Elliot Ross has a great post titled Disaster Preparedness And Recovery with some excellent links to a write-up of a first person account from Japan called Some Perspectives on the Japan Earthquake. In that article, a description was given on how quickly the disaster recovery plans were put in place. Apparently this team had their disaster plans in place and working within 15 seconds. 15 seconds….that’s a short amount of time.
What about your disaster recovery plans? Do you have them? Have you practiced them?
I know many IT groups that have a business continuity and disaster recovery plan in place, but few have actually practiced this plans regularly. Sure…there are quite a few meetings held to discuss the disaster plan and perhaps there are a few exercises at first to ‘practice’ what teams will do in a disaster – but few undertake regular, ongoing practice to make sure their teams are prepared for the worst.
In the story described above, it was made extremely clear that the entire country of Japan was well drilled in what to do in case of disaster. I’d bet money that the emergency services in the US are well prepared for emergencies – that’s their job. They’ve shown their ability to respond in many instances across many disasters.
But…are we – those of us in business – really ready for a disaster? Are you confident that your company will be able to run smoothly after a natural disaster? You may have a plan in place and perhaps you’ve practice a few times…but have you drilled your team to be truly prepared?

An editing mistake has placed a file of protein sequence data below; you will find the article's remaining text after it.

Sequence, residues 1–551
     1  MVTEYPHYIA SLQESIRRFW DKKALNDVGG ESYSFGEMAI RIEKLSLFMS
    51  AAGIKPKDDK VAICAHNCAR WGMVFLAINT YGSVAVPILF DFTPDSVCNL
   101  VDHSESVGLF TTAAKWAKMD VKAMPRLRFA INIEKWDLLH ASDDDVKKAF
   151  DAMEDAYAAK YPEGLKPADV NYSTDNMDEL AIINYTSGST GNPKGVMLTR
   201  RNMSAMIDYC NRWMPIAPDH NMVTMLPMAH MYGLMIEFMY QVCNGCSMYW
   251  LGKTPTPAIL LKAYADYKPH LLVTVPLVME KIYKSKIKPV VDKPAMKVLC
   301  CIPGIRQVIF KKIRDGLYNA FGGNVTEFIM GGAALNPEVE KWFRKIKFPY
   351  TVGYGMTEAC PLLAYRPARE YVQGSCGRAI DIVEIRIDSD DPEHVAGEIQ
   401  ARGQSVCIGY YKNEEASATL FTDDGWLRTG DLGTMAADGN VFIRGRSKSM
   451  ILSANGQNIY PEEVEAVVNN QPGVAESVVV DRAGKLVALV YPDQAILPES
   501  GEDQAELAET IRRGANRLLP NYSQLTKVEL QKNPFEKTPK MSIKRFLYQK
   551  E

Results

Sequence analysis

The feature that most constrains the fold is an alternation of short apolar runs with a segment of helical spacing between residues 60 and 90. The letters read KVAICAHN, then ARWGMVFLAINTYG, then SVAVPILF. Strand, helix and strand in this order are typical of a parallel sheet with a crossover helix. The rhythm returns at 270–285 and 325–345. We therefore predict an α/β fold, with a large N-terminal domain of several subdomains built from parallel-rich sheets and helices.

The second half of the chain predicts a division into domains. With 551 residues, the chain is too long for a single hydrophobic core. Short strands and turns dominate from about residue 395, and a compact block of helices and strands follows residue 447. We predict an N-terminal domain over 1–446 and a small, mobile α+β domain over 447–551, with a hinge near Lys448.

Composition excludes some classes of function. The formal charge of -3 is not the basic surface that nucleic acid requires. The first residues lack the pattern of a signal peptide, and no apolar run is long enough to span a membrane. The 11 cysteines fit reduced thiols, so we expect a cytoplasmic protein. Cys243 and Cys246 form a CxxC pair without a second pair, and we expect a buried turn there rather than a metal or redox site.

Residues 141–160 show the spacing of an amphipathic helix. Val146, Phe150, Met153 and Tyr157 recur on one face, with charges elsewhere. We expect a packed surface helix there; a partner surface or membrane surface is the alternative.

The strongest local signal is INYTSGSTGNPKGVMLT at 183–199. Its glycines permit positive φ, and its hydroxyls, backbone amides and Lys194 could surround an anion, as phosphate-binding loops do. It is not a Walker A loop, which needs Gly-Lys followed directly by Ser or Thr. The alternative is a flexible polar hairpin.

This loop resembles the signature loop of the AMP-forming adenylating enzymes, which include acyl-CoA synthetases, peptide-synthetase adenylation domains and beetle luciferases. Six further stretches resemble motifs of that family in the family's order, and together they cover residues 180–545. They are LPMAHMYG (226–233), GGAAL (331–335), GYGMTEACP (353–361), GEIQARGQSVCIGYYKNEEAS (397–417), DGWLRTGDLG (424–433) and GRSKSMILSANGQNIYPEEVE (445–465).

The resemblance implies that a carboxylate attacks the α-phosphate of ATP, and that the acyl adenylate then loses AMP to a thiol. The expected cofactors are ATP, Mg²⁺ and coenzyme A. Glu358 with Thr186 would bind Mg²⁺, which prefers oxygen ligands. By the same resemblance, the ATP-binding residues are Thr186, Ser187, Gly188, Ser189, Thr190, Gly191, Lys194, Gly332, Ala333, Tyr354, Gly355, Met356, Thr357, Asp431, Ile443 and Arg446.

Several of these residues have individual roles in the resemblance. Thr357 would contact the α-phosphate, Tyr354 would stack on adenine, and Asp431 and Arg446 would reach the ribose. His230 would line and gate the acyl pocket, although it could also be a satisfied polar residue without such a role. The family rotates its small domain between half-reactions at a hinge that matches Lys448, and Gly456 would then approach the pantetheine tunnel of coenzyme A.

What if you don’t have a team? What if your entire IT is outsourced to the cloud….what’s your cloud provider’s disaster recovery plan(s)? Do they have one? Have you talked to them about it?
So I ask you this….if you have a small business or a small team, do you have an emergency preparedness plan? Does your outsourced vendors have a plan? Have you practiced what you would do in case of an emergency? Have you asked your vendors to practice with you?
Do you know what you will do if something disastrous happens and you don’t have access to your financial systems, your website, your email or your customer management system? Will you be able to survive a few days, weeks or months without your primary systems? If not…what can you do today to make sure you can get by in case of disaster?
Take some time to think about it and prepare. Because its not a question of “if”….its a question of “when.”
Image Credit: Hindenburg disaster By History In An Hour on flickr